It will suffice to establish the relations $$\Psi \circ \Phi=\mathbf{1}_{\mathscr{A}}$$ respectively $$\Phi \circ \Psi=\mathbf{1}_{\mathscr{B}}$$ in order to show that the two maps are mutually inverse order automorphisms and hence that $$\mathscr{A} \approx \mathscr{B} \ (\mathbf{Ord})$$ (by which I mean that $$\mathscr{A}$$ and $$\mathscr{B}$$ are isomorphic objects in the category $$\mathbf{Ord}$$ of ordered sets, fact which is known as the correspondence theorem for subgroups; there is also a version for normal subgroups as well as many other variations).

Let us proceed to establish the forementioned relations. Since $$f$$ is surjective, we have that $$f\left[f^{-1}[Y]\right]=Y$$ for any subset $$Y \subseteq G'$$, a general property characterising surjectivity for any map. This applies in particular to any subgroup $$H' \in \mathscr{B}$$ and entails the relation $$\Phi \circ \Psi=\mathbf{1}_{\mathscr{B}}$$.

As for the dual relation, we recall the general fact that $$f^{-1}\left[f[X]\right]=KX=XK$$ for any subset $$X \subseteq G$$ (in general, for arbitrary subsets $$X, Y \subseteq G$$ by $$XY:=\{xy\}_{\substack{x \in X\\y \in Y}}$$ I am referring to the subset product). In particular, for a subgroup $$H \in \mathscr{A}$$ we will have $$f^{-1}\left[f[H]\right]=HK=H$$ (since $$K \subseteq H$$ it follows that $$H=H\{1_G\} \subseteq HK \subseteq HH \subseteq H$$). This signifies that $$\Psi \circ \Phi=\mathbf{1}_{\mathscr{A}}$$.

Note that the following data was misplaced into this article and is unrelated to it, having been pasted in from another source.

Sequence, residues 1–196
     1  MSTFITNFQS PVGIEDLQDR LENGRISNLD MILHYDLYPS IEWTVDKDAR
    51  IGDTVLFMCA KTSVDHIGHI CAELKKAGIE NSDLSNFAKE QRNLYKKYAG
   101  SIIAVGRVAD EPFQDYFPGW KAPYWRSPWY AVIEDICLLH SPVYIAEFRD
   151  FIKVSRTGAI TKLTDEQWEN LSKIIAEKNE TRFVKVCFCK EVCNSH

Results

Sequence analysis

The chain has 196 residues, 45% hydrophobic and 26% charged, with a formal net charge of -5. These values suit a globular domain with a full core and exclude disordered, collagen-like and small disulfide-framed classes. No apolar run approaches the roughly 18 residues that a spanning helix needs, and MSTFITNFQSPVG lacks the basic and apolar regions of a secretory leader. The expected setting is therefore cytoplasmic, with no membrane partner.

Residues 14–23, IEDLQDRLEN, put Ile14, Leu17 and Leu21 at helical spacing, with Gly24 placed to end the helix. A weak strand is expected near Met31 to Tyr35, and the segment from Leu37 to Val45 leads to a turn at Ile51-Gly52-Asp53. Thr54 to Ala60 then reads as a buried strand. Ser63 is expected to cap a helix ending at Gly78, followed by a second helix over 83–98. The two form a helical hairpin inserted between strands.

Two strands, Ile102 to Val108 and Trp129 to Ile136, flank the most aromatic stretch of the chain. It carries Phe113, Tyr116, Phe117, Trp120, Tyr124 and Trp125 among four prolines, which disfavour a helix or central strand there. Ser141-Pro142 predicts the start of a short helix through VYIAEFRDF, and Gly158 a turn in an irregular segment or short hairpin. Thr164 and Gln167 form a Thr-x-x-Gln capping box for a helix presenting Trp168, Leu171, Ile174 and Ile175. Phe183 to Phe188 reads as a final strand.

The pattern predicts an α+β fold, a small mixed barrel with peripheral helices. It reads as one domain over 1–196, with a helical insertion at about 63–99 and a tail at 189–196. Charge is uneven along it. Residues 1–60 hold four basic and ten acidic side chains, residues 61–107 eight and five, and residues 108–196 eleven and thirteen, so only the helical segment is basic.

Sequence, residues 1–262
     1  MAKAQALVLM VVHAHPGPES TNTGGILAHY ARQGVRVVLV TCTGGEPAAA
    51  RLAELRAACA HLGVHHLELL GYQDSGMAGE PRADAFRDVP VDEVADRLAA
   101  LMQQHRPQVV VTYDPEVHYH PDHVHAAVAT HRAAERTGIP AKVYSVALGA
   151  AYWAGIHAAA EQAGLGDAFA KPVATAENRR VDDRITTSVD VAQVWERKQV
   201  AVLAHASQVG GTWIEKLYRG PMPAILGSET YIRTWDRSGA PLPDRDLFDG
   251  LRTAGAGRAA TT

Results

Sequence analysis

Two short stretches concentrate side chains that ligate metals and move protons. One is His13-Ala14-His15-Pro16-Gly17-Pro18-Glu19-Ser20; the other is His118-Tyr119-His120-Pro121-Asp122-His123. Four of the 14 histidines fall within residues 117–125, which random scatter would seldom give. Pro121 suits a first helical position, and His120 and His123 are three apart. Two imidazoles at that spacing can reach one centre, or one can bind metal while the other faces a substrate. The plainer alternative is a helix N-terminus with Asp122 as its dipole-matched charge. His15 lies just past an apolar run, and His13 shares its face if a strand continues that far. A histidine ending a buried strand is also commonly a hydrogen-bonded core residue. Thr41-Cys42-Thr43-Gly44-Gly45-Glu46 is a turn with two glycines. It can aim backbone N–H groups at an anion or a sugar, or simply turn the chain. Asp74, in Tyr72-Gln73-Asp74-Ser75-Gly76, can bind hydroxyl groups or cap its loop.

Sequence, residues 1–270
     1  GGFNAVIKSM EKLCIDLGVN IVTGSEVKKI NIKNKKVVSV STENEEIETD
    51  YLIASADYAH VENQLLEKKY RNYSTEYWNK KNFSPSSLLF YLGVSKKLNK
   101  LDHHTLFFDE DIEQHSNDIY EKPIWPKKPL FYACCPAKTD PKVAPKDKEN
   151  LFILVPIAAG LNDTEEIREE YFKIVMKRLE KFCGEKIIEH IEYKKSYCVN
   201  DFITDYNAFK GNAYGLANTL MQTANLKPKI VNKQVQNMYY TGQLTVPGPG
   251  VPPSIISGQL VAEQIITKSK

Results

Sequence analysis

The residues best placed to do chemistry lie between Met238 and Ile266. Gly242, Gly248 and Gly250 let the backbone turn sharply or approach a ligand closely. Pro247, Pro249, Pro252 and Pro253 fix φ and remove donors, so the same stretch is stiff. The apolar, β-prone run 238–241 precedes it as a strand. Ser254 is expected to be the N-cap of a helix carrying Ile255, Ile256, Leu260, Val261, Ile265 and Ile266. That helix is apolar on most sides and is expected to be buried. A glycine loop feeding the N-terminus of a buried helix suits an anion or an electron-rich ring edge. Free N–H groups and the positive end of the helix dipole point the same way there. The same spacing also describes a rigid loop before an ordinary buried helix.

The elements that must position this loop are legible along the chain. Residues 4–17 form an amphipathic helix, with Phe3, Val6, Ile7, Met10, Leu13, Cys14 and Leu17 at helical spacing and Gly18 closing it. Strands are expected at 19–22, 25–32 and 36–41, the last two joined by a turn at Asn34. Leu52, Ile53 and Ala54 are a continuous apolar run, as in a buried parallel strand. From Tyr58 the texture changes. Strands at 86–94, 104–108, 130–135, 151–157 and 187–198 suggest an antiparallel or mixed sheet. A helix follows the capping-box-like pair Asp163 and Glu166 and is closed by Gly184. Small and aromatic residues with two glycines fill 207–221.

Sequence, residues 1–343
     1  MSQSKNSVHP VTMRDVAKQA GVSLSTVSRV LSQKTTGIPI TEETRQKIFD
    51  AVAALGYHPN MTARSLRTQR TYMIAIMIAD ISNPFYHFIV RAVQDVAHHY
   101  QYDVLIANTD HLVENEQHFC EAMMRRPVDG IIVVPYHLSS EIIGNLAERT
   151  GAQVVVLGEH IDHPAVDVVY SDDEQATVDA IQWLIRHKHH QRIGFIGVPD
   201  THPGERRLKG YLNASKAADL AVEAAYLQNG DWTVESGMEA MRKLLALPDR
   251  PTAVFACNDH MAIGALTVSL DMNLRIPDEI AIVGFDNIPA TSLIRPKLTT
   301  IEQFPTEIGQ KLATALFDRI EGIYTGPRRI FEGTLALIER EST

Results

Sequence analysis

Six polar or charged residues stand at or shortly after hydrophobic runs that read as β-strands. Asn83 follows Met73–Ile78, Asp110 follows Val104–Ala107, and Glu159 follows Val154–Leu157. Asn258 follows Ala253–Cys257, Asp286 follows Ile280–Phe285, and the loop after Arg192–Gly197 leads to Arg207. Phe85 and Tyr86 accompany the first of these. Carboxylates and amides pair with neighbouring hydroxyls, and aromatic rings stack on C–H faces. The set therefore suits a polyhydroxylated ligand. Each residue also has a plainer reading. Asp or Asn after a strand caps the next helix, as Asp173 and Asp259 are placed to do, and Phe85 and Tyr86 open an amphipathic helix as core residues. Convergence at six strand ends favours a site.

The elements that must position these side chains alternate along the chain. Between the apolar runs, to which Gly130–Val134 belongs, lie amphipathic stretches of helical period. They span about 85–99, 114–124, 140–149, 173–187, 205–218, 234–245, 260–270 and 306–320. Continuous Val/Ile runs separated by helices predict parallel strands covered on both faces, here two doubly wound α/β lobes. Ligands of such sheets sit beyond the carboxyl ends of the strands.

I would like to leave you with the remark that in some instances it is possible to exhibit in a very natural manner the inverse map -- with immediate proof that it is indeed the inverse -- rather than to just argue for the bijectivity of the originally given map.